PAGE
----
In between volunteering I had the opportunity to speak with Carolina Argumedo of Bread for The City.   Argumedo teaches computer classes to clients of Bread for the City.  I wanted to know what was the inspiration for the event.  She the inspiration came from the city of Detroit which held the first one.  She also said there was a desire to present technology in a way that is fun and non-threatening.

The day ended with volunteers and participants coming together to share what they learned.  Several girls from the Anacostia neighborhood developed a website about country music.  I learned that a lot can be done when nonprofits come together and combine their resources.

There’s talk of having another Discotech.  Stay tuned and I’ll keep you posted.

Got a story about nonprofits coming together on a project?  Tell me about it.

News Roundup: The 2013 budget and charitable deductions

Last week President Obama submitted his budget for 2013.  In the budget is a proposal to limit the percentage of charitable deductions than can be taken.  Many nonprofit leaders are critical of the plan because they think it will reduce contributions.  Here is an article on the budget by Lisa Chiu of the Chronicle of Philanthropy.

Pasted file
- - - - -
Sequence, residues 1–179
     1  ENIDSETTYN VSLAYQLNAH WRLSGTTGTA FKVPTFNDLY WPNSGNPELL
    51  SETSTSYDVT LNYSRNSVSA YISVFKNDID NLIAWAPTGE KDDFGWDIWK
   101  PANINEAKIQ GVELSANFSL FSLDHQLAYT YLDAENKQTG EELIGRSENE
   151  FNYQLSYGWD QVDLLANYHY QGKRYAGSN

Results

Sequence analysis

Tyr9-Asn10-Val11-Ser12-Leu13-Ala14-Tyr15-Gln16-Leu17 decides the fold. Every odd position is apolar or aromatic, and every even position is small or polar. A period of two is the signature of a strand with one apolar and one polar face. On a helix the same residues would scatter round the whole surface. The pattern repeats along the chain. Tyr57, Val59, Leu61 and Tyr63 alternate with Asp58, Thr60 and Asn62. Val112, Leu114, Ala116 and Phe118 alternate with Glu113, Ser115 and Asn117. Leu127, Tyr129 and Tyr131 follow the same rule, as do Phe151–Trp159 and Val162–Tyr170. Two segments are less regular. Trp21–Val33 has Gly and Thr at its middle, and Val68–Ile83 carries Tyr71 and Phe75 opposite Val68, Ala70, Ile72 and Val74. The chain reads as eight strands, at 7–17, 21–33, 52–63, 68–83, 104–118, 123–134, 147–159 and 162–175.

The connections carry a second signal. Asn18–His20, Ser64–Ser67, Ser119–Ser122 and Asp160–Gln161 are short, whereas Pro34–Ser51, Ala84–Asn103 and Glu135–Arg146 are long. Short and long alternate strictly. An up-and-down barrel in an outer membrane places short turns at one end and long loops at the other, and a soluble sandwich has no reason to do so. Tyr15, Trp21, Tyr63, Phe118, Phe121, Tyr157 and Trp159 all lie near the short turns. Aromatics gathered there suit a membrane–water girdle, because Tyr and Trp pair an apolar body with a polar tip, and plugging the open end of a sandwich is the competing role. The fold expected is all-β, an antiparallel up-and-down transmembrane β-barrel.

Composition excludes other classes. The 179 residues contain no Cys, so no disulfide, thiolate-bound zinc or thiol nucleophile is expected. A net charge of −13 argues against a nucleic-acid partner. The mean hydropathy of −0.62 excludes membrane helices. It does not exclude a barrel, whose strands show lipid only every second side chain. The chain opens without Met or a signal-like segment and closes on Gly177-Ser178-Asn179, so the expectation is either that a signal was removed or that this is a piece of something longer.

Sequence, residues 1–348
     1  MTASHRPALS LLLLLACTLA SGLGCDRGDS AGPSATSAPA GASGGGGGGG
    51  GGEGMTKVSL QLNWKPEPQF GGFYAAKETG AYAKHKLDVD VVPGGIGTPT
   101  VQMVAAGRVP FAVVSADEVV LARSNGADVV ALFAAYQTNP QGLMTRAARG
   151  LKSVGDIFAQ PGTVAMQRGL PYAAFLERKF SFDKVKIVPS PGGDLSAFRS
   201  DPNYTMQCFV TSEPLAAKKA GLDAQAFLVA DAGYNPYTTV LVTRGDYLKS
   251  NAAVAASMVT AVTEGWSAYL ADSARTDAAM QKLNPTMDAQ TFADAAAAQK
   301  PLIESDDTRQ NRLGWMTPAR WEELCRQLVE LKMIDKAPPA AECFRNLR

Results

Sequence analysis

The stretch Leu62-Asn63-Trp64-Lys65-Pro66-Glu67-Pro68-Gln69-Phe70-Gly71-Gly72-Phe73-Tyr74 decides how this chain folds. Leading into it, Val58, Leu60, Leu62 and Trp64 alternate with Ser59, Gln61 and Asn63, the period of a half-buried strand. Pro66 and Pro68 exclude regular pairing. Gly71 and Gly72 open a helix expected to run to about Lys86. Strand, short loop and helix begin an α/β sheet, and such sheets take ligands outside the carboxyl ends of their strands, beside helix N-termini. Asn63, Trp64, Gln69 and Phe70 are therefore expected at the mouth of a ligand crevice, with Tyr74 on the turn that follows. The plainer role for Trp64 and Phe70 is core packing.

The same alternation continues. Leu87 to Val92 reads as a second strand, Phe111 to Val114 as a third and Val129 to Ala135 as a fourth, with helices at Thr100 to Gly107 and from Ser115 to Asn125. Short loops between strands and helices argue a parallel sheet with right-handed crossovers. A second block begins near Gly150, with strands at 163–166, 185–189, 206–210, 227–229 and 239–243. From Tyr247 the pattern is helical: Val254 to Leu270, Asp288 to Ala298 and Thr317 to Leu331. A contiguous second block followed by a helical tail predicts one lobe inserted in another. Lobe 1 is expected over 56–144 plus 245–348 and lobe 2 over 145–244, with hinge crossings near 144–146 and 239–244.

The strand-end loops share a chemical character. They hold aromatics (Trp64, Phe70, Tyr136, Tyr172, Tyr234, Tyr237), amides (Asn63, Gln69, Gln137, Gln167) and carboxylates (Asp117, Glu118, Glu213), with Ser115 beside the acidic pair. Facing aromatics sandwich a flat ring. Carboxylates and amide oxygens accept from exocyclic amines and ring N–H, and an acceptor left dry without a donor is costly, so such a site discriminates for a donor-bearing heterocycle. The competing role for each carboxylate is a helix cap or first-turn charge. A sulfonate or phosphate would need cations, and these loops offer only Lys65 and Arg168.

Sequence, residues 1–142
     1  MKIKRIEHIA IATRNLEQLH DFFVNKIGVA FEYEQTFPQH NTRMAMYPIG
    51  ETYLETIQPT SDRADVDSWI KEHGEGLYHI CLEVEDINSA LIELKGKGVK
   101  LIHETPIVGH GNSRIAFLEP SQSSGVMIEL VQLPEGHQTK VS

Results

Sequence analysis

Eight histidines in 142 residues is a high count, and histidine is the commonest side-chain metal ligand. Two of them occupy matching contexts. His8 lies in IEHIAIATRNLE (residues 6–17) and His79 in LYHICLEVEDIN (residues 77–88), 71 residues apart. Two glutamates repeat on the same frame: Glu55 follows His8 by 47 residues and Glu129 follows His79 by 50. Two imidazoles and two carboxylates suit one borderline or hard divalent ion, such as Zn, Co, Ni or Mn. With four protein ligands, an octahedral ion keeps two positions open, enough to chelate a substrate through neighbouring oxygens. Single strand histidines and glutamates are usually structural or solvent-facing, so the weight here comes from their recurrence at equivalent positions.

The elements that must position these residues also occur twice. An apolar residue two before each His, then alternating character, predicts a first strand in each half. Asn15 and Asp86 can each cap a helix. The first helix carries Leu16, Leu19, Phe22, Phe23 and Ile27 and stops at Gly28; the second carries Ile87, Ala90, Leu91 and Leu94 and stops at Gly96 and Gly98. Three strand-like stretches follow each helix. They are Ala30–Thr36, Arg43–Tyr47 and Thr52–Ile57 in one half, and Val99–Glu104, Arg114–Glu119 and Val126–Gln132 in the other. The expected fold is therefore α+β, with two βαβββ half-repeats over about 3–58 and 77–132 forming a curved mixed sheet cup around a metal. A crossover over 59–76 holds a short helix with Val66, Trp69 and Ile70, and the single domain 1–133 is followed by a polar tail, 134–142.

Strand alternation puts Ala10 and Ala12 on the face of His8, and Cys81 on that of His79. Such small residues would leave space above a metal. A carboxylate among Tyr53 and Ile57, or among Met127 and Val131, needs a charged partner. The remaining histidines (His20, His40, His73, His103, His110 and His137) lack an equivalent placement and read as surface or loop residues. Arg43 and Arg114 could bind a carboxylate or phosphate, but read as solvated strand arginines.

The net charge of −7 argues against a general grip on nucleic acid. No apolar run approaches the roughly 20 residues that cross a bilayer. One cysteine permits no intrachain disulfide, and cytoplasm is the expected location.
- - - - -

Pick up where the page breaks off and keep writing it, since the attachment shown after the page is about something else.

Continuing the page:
Rick Cohen of the Nonprofit Quarterly thinks contradictory messages are being sent from the White House.  A month earlier he reported White House officials as saying the charitable deduction cap was off the table for 2012.  (No change to charitable deductions)  Now it seems the White House has reversed itself.  Read Cohen’s article about President Obama’s plan.

Do you want to know the reasoning behind the charitable deduction cap?  Read a post by Jonathan Greenblatt, Director of Social Innovation who lays it out.

So what  does all of this mean for nonprofit  funding in the future?  Will the charitable deduction cap affect future contributions?  That remains to be seen.

Do you think the proposed change in the charitable deductions cap will negatively impact contributions?  Has the proposed legislation affected your fundraising plans?